1. Thuto

      Re: expensive suits.

      I once spoke to a private banker and wealth manager about this and was told that as much as the bank he worked for wished they could make hiring decisions purely on smarts and aptitude, it’s the biases of the clients which herded them into this corner where admittedly shallow considerations such as expensive suits played into who was eventually hired. An expensive suit apparently put the clients at ease with who was managing their money, so the bank had no choice but to cater to this bias.

      He did add that if you were a strong candidate that happened to be style-challenged, an image consultant and a wardrobe makeover budget would be available to you.

    2. Terry Flyn

      The problem that us economists who mixed with true mathematical psychologists realised was not rationality per se but the use of DETERMINISTIC models. Those lead to conclusions like transitivity: if A>B and B>C then A must >C right?

      Wrong. In a probabilistic world (assumed by math psych since the 1950s – successfully in so much prediction – McFadden & the BART for instance) humans can both often go for “what appears best” but often violate this. The math was proved by Yatchew & Grillisches in mid 1980s. Logit/probit models (used in epidemiology to model cure/fail, live/die, in economics, voting (Democrat/Republican etc) you MUST assume a LINK function (logit/probit usually) to turn a (0/1) outcome into some latent (unobserved) continuous value (say “propensity to be left wing”). Trouble is the likelihood function can’t separate means from variances – they’re perfectly confounded. So Stata/SPSS/whatever is solving for x (the mean) from xy=8 where y is the variance. See the problem?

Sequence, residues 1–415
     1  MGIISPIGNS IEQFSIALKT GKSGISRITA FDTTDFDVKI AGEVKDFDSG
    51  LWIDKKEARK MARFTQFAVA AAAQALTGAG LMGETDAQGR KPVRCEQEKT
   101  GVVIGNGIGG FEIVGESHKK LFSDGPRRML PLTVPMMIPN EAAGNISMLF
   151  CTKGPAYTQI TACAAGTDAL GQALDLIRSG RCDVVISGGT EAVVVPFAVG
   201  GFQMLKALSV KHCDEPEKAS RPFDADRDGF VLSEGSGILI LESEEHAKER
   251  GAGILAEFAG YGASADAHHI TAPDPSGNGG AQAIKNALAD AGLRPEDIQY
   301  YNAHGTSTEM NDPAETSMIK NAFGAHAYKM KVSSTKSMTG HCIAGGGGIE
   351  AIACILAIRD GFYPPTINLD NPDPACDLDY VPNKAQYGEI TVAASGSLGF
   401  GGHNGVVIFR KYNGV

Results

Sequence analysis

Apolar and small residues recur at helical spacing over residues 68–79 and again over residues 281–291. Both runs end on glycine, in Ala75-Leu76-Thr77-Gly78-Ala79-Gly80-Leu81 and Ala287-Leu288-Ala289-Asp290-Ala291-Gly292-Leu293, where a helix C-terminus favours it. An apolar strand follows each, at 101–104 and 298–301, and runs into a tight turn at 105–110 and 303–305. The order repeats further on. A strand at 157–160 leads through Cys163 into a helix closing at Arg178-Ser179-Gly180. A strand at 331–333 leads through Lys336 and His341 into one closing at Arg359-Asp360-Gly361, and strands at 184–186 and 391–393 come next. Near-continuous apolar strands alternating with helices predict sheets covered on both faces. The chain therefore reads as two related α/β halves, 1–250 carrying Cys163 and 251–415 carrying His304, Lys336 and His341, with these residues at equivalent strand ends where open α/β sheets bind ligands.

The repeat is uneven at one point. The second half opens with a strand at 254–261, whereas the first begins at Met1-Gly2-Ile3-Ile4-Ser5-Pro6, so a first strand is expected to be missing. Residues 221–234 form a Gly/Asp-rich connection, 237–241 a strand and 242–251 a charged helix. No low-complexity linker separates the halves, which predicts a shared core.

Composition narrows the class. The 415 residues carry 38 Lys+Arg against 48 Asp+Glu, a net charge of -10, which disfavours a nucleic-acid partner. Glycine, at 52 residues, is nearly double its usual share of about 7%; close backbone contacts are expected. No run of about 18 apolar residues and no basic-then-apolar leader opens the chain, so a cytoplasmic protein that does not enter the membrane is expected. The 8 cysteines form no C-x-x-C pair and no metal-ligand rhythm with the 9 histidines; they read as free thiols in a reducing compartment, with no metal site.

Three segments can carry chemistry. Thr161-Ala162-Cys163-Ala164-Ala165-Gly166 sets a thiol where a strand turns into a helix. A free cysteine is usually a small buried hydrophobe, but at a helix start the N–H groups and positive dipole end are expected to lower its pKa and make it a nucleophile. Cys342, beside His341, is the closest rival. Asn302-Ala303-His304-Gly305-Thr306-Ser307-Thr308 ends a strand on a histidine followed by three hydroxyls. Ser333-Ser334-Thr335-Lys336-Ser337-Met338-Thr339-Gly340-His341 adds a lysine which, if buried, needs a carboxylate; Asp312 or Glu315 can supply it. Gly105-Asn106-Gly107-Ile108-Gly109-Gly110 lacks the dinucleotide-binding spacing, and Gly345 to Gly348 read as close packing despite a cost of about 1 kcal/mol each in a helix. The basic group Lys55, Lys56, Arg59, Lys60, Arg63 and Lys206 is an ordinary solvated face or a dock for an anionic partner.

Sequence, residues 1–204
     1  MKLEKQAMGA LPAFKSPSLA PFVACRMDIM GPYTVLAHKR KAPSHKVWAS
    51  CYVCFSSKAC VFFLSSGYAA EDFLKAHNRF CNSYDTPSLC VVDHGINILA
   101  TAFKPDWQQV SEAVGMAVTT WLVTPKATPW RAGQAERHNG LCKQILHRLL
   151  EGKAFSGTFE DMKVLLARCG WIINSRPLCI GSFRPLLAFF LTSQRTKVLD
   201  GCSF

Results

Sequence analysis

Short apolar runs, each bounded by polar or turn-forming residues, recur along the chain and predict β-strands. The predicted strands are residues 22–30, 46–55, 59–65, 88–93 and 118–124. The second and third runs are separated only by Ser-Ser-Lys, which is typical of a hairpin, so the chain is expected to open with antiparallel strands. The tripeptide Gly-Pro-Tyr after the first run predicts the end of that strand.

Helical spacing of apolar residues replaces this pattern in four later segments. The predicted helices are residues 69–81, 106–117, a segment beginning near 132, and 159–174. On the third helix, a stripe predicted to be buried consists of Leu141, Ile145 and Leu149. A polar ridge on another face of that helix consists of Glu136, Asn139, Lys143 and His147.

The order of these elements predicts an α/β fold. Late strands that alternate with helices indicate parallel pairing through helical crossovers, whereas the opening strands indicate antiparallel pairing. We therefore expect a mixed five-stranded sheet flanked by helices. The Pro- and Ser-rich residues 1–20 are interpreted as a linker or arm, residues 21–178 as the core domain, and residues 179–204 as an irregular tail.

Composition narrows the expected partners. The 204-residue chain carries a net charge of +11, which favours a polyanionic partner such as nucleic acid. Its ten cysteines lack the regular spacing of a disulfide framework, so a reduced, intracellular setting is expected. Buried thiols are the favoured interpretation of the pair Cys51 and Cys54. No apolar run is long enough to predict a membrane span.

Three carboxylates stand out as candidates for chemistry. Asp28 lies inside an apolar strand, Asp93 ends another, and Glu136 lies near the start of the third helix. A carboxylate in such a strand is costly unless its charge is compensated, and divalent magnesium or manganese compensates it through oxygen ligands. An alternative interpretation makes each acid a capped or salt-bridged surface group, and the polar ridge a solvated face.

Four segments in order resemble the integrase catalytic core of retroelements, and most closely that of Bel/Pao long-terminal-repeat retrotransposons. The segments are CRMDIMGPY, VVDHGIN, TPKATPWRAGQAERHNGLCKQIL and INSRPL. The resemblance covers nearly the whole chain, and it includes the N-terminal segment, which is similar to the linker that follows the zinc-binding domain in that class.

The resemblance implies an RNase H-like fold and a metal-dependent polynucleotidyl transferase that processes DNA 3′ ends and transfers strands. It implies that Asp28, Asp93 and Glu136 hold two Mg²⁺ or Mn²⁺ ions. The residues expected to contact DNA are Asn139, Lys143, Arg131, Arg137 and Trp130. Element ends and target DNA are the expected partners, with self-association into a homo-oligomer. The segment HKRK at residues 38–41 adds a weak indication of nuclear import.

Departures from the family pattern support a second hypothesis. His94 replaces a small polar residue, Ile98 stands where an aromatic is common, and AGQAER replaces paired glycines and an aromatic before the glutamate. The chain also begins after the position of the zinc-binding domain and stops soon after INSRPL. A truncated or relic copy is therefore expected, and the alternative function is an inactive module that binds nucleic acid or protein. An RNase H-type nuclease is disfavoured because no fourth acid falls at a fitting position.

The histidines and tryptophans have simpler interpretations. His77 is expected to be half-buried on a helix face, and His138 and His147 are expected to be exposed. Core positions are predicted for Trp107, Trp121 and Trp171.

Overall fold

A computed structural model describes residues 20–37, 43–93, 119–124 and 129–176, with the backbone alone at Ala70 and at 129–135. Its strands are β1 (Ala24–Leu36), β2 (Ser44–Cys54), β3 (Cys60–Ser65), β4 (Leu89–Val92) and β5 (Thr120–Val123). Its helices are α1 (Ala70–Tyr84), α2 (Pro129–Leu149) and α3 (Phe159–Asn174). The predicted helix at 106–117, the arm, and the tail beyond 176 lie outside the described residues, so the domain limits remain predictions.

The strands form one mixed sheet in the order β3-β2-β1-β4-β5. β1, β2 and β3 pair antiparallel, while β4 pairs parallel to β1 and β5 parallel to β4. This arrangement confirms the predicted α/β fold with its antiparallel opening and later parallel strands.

Stats programs normalise y=1 FOR ALL RESPONDENTS. Suppose some are “less inconsistent” (smaller y). Then x might be 16. You can’t aggregate their data until you’ve have standardised y across everyone. This is why so many epidemiology, economics and especially voting studies are wrong.

      “Fixes” like nudge are thought up. Anecdotally I was told what the top math psych people thought of the work of two top researchers…. They used to joke at conferences that the wrong one got the credit due to death..

    3. ChrisPacific

      Yes, we often end up with a kind of circular reasoning whereby the efficient functioning of the market is the best way to achieve success, and success is measured in terms of market performance (GDP growth, for example). As the three paragraphs discussing the cost of arms races eloquently describe, much of this is outright contradicted by studies on what makes people happy and improves their wellbeing. But because economists implicitly assume (via their choice of success metrics) what they are trying to prove, namely that efficient functioning of the market is the optimal path to wellbeing, they cannot or will not see this.

  5. Jokerstein

    Yves – Frank explicitly states that the hypothetical fan with the free ticket is equally avid, thus leveling the playing field in that respect:

    Yet a fan who paid $100 for his ticket is significantly more likely to make the dangerous drive than an equally avid fan who happened to receive his ticket for free.

  6. fresno dan

    Just to throw it out there, who chooses their religion?
    Isn’t it really 99% irrationality and 1% rational?
    If I had been born in Iran, India, or China, I would have profoundly different outlooks on a whole slew of things despite my delusion that thought and logic determines my values and beliefs.